But it all worked out -- even with mediocre GRE scores, I still got into the program I would have wanted to go to right out of undergrad (disclaimer: planetary science programs give little weight to PGRE scores). The extra 2 years probably helped me because I was able to significantly increase my research record -- I probably would not have gotten into my new program right out of undergrad! I feel much more ready for grad school in the US with the extra 2 years doing a MSc in Canada. However, a MSc in Canada doesn't count for much in the US -- the most I got offered in terms of degree requirement waivers was about 1 semesters worth of courses (to fulfill a minor requirement) at one school and all the other schools did not waive anything. But things worked out for me since the program I am going to attend this fall is pretty "fast-tracked" and you kind of do 1.5-2 years of grad school in the first year, so I won't be far behind.

I shared my story since I thought we have some similarities and maybe it could help you decide what to do with US applications. I did follow the "go big or go home" advice (if I didn't make it, I would have tried to find a job with my MSc). Hope that was helpful, or at least not boring to read :P

nicholls
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Re: Accelerator and Beam Physics

Postby nicholls » Thu Jun 21, 2012 4:00 pm

Haha thanks for the reply. Your story is quite interesting. For me, an MS is quite enticing as I am strongly considering doing my PhD in Germany. I originally was thinking of doing my MS in Germany, but it turned out that masters students don't get funded here :(. Basically, if I could get an MS in Canada (or even the states), then I could do my PhD in Germany quite easily.

I too, do not like the idea of doing a 5 year PhD in the states. It seems almost too long in one place, especially if I decide to change fields. Despite this, I will still apply. I may get a good offer and end up loving it. However, I am definitely thinking of reducing the number of places to apply to in the states. Maybe a few high level private schools, and a couple lower level ones. All of them with very good facilities for accelerator physics.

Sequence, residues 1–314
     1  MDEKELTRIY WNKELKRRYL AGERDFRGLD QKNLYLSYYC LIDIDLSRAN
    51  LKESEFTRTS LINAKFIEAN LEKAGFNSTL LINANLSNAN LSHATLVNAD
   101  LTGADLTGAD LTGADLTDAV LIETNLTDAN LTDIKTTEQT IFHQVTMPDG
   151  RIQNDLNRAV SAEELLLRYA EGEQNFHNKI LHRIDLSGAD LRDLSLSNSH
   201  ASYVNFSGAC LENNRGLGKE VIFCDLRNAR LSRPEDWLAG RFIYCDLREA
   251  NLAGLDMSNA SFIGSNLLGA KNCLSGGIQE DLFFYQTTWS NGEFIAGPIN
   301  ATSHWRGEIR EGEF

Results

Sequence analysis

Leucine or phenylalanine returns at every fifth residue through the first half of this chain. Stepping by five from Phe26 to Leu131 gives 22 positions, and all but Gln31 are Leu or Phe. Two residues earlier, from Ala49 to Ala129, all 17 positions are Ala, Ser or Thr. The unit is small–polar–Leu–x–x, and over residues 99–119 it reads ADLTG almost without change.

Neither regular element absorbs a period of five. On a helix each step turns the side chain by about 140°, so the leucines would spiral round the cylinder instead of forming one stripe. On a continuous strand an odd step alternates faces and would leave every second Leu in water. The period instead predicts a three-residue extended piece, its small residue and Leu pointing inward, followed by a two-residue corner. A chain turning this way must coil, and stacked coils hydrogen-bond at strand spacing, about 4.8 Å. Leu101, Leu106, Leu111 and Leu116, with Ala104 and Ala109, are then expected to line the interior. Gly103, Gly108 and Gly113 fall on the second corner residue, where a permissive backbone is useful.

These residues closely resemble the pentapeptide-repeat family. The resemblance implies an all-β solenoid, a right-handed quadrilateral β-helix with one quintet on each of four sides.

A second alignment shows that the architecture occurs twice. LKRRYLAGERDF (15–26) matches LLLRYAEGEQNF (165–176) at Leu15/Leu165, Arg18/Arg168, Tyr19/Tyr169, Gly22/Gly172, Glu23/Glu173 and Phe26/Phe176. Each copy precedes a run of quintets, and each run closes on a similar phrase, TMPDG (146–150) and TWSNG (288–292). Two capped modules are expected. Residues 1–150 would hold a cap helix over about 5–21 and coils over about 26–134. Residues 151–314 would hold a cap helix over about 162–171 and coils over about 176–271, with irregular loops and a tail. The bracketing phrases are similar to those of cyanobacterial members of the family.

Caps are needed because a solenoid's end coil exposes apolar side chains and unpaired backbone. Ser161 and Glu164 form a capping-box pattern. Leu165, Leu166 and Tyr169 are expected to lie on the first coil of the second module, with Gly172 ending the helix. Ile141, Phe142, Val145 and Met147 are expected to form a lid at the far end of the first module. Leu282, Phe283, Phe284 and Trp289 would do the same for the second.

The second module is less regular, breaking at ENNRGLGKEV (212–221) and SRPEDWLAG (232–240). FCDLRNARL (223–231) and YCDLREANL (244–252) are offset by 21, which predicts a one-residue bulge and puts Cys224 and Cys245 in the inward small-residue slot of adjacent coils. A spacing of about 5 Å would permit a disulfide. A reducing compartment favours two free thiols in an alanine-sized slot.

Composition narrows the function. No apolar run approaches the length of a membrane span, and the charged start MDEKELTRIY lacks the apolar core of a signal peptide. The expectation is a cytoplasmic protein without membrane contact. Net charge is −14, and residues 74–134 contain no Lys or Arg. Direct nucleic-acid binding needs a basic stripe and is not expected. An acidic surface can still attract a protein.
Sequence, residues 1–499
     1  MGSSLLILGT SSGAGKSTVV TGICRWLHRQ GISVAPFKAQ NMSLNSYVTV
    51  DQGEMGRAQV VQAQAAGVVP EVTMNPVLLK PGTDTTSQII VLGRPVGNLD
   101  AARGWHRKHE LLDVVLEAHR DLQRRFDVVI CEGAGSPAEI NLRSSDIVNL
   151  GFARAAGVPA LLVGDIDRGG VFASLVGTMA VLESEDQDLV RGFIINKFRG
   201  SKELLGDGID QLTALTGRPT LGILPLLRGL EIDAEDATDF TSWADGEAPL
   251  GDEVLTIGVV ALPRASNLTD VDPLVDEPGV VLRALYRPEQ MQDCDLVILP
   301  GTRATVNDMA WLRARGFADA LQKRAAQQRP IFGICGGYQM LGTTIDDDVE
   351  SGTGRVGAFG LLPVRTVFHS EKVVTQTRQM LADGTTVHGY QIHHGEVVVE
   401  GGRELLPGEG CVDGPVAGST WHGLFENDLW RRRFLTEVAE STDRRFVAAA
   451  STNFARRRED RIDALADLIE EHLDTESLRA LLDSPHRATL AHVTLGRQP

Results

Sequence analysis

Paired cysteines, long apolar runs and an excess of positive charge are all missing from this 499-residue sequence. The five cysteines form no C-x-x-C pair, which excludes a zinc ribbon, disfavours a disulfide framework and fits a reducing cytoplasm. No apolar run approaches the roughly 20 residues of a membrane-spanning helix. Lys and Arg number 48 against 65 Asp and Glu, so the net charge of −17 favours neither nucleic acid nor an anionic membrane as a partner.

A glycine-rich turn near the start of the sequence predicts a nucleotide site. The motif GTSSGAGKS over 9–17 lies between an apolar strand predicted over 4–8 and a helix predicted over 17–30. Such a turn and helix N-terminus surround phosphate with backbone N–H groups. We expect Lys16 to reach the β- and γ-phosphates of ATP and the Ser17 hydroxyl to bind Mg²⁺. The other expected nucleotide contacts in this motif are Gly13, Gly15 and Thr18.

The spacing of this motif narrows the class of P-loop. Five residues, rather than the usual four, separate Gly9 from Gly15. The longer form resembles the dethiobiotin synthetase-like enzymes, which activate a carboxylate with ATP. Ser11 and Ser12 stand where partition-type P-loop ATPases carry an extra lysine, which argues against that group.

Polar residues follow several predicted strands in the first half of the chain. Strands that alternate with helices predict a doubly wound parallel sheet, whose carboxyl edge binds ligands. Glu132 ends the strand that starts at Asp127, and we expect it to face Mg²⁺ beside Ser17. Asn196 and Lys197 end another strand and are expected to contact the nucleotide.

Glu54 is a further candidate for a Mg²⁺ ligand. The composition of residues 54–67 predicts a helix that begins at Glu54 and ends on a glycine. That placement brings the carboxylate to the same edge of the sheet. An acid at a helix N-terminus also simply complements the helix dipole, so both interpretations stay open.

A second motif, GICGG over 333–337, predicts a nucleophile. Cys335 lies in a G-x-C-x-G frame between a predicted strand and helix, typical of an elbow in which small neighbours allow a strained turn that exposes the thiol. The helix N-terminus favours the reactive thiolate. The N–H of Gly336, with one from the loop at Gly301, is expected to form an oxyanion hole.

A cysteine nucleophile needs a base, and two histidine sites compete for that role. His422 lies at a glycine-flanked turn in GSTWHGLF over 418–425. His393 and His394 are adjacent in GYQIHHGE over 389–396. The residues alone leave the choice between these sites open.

Again, thanks for your advice, it is greatly appreciated.

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WhoaNonstop
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Re: Accelerator and Beam Physics

Postby WhoaNonstop » Fri Jun 22, 2012 4:42 pm

Just a warning, I only read the first post. Ever heard of Jefferson Lab (JLab)? They do accelerator physics. Check out Universities near that. My favorite is The College of William and Mary. I heard that is where all the cool kids go.

-Riley

bfollinprm
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Re: Accelerator and Beam Physics

Postby bfollinprm » Sat Jun 23, 2012 3:27 am

Are there really any others? I guess you could say UVA is close, though I wouldn't.

nicholls
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Re: Accelerator and Beam Physics

Postby nicholls » Sat Jun 23, 2012 5:08 am

WhoaNonstop wrote:Just a warning, I only read the first post. Ever heard of Jefferson Lab (JLab)? They do accelerator physics. Check out Universities near that. My favorite is The College of William and Mary. I heard that is where all the cool kids go.


Yea I have heard of JLab and I am also definitely considering applying to William and Mary. From what I've heard it is a reasonable school, and its proximity to JLab would make it ideal for a degree in accelerator physics.